- We’re really stressing that students don’t need to buy SmartMusic to do these assessments, as we’ve purchased 10 computer licenses for the computers in our department. Should SmartMusic go iPad, and should schools go iPad, that model would change…you would encourage students to buy the annual app for assessment on their schedule rather than to use school computers. Again, I don’t know the costs involved and how much an annual app should cost…but the ability to easily do SmartMusic assessments in just about any location on an iPad would be a real winning combination (and no, I’m not talking about Charlie Sheen-type “winning.”
- My final thought: I’m already starting to think about the possibilities of using SmartMusic as a tool to audition my current students for choir placement next year. I can assign a sight reading exercise, assign a “scale” or pattern that tests range, and I can create a short song (such as “My Country Tis of Thee, used by the ACDA as an audition piece for ACDA honor choirs) in different keys for different voices. Then students would have to complete all 3 parts. As I said, this is simply a thought at this point–but it very well might work. I’d also have an audio record with which to use if there were questions later about an audition–it would take some of the “subjective” nature of auditions away from the audition process.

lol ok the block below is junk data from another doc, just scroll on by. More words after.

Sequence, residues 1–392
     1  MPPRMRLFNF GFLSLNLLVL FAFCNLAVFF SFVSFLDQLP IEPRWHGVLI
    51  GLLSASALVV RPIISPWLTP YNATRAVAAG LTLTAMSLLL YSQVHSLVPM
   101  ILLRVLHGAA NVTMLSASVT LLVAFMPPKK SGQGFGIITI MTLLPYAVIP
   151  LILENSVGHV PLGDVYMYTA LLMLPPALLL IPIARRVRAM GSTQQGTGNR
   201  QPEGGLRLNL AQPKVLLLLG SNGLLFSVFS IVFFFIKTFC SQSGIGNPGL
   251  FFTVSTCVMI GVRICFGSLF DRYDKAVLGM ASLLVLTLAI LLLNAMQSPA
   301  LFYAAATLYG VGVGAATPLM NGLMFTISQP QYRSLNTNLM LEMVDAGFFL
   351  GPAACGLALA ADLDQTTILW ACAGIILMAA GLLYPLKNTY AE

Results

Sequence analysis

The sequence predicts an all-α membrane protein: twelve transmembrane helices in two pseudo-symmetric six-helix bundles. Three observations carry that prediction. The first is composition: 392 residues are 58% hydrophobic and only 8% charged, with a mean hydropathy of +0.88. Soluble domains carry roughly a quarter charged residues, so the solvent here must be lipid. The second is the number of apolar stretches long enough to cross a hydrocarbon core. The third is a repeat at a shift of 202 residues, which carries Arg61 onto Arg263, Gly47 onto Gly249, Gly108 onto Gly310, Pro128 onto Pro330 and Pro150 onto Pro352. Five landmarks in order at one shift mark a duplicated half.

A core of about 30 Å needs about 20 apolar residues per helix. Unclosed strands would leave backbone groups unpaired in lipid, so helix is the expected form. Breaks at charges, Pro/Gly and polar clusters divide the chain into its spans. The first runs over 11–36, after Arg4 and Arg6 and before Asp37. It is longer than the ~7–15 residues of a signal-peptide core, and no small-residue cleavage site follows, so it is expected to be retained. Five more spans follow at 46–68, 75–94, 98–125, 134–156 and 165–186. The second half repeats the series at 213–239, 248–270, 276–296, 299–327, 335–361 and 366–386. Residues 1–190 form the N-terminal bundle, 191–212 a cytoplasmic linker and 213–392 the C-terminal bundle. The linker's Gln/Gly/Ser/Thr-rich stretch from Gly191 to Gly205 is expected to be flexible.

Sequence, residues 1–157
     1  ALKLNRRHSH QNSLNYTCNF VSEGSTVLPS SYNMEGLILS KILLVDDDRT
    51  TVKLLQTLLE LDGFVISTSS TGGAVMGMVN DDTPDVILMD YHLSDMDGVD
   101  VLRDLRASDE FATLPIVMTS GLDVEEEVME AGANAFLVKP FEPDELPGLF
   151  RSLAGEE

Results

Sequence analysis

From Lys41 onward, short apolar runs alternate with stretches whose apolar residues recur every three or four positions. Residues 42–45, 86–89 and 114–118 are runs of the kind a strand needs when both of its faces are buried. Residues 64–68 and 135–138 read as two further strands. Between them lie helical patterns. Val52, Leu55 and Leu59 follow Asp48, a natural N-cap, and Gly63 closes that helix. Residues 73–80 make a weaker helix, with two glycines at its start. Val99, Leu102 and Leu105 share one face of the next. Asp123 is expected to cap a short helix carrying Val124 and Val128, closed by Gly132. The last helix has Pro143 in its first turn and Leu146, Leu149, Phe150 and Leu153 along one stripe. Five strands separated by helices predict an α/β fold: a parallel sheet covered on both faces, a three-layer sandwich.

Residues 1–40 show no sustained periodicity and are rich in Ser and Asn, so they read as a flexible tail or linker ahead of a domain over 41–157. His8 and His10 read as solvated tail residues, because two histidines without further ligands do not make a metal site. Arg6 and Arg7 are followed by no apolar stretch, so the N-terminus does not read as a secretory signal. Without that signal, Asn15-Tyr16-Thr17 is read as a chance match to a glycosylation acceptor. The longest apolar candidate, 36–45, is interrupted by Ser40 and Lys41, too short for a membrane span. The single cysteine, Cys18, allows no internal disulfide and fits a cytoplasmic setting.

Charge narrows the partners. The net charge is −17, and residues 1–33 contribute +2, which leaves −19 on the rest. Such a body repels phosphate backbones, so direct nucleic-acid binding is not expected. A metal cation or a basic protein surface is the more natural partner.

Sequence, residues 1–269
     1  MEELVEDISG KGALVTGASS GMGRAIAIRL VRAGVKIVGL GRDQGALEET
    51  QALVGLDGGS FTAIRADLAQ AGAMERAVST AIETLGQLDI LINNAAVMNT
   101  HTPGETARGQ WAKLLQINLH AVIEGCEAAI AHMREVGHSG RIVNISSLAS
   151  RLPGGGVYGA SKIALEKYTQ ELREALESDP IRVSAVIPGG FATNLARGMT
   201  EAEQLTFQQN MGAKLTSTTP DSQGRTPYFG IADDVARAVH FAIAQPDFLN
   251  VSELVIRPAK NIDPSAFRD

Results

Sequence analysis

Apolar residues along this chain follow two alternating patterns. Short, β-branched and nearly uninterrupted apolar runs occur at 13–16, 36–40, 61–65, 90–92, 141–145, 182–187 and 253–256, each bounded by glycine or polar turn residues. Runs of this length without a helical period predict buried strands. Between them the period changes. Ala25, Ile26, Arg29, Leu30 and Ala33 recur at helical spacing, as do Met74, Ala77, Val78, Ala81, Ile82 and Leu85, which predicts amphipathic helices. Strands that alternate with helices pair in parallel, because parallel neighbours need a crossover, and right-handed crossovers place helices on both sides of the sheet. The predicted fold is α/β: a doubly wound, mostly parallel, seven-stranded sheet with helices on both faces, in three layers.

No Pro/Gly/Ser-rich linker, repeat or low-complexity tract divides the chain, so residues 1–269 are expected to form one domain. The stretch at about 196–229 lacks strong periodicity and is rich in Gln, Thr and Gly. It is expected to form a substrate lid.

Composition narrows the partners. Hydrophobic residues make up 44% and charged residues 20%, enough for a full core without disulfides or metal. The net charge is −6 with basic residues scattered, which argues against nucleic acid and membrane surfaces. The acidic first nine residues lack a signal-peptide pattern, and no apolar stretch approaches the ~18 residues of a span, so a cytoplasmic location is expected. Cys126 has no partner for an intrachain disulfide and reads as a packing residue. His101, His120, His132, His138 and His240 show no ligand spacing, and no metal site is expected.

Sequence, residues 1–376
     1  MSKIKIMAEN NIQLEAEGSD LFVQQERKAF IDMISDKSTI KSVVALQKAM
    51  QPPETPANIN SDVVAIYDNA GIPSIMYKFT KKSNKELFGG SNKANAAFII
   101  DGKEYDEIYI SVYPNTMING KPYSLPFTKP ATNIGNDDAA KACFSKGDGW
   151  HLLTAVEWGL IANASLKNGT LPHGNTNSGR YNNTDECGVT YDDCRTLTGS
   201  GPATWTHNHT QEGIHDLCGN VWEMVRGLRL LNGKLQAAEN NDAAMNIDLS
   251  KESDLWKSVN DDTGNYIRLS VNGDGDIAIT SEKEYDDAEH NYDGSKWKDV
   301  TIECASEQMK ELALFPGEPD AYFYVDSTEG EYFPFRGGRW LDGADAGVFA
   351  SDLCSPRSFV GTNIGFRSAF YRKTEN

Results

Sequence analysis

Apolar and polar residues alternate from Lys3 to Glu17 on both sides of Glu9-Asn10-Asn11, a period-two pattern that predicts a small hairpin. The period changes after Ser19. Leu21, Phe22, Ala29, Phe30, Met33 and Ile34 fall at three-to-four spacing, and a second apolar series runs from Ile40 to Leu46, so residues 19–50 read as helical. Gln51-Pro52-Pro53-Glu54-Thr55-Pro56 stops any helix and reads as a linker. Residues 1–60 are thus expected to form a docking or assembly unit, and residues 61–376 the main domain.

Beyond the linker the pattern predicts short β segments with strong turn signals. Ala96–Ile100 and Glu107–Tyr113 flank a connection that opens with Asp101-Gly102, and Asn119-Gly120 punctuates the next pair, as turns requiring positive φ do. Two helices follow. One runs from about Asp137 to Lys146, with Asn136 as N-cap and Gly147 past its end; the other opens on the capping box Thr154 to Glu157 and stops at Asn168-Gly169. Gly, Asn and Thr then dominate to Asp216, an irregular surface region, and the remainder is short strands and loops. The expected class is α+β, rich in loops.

- I know I’m pushing the iPad app, over and over again. I know that MakeMusic has heard the request from many users. But I firmly believe in continuing to ask until it actually happens.